Kurdish fighters seized the eastern and southern outskirts Friday of a key Islamic State (ISIS) stronghold in Syria's northeastern Hasakeh province, the Syrian Observatory for Human Rights monitor said.
Fighters from the Kurdish People's Protection Units (YPG) had entered Tal Hamis and captured parts of the town after six days of clashes with the jihadists, the Britain-based group said.
The town is northeast of the provincial capital, Hasakeh city, and has been under ISIS control for more than a year.
Observatory director Rami Abdel Rahman said the town was "one of the most important strongholds" of the group in the region.
The Kurdish advance comes after days of fighting in which YPG forces have taken some 103 villages and hamlets in the area.
Since the clashes began Saturday, at least 175 ISIS fighters have been killed by the Kurds and air strikes by a the US-led coalition.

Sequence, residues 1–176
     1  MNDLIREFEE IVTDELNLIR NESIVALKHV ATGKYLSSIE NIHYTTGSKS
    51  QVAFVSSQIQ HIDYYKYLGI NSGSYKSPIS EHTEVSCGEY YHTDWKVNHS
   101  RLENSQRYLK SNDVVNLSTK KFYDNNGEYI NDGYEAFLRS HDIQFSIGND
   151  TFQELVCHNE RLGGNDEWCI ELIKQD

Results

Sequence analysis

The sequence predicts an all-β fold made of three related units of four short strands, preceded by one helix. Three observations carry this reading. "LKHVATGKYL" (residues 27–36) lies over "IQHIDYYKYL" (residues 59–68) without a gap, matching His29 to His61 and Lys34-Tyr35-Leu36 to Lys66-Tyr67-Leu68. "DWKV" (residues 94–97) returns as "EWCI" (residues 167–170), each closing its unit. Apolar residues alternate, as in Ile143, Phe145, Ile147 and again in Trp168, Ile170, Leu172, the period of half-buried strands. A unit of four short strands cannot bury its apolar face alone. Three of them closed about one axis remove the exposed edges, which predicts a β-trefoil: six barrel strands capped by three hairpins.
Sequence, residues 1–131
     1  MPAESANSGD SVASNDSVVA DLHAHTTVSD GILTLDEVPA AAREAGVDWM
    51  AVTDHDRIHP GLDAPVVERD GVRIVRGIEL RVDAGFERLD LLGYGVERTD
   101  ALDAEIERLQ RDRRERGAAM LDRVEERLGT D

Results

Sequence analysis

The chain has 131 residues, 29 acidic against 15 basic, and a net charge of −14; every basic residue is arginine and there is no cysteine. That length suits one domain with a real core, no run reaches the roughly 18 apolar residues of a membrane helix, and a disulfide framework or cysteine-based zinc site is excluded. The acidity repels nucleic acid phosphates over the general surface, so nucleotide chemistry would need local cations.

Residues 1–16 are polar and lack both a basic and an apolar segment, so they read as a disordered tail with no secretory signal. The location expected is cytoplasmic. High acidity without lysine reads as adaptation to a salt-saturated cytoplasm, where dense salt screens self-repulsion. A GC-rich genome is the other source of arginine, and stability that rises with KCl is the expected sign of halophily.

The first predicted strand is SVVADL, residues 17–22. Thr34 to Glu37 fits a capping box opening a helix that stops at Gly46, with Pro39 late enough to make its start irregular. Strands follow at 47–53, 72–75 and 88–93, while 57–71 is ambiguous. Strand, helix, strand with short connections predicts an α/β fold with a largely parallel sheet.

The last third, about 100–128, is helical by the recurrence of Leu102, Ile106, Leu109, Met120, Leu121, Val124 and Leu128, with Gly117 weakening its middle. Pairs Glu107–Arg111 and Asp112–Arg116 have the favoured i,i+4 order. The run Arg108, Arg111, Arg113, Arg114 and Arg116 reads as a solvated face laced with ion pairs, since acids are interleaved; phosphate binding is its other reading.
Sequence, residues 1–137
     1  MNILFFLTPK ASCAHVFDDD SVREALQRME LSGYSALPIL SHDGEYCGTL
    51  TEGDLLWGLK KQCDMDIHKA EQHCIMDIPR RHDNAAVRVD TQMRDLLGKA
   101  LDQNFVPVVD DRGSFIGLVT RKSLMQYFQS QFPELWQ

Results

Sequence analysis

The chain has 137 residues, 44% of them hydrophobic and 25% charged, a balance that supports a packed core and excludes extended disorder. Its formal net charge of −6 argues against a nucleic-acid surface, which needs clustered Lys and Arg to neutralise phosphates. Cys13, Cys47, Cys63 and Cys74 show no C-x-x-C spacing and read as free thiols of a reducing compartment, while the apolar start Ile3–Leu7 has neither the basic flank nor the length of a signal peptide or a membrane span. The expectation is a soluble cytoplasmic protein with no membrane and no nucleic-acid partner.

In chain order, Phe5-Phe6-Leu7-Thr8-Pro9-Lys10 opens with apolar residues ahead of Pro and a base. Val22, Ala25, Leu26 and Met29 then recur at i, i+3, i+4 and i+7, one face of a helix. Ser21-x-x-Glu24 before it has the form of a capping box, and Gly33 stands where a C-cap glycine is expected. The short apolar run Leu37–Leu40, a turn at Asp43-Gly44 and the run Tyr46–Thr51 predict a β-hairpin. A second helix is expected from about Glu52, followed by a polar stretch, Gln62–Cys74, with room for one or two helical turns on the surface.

Additionally, 30 fighters from the YPG and Syrian Arab rebel units fighting alongside them have been killed. Among the dead was an Australian, the first Westerner to die in a Kurdish unit in Syria.
The Pentagon said the coalition had carried out several air strikes in Hasakeh province Thursday, including three near Hasakeh city and three near Tal Hamis.
The fighting in Tal Hamis came as Kurdish forces continued to battle ISIS after an offensive elsewhere in the province, in which the jihadists have kidnapped at least 220 Assyrian Christians.
The offensive, in which ISIS also seized 10 villages, has prompted a mass exodus of an estimated 5,000 residents to the cities of Qamishli and Hasakeh.
Jean Tolo, an official with the Assyrian Organisation for Relief and Development in Qamishli said the pace of arrivals had slowed by Friday.
"We are offering the displaced food and everything they need," he told AFP by telephone.
"There are doctors working for free ready to deal with any emergency," he added, saying around 200 Assyrian families were sheltering in Qamishli with another 900 in Hasakeh city.
Assyrians number about 30,000 among Syria's 1.2 million Christians and mostly live along the Khabur River in Hasakeh. Their presence predates the arrival of Islam by centuries.
More than 210,00 people have been killed in Syria since the conflict began in March 2011.
AFP contributed to this report.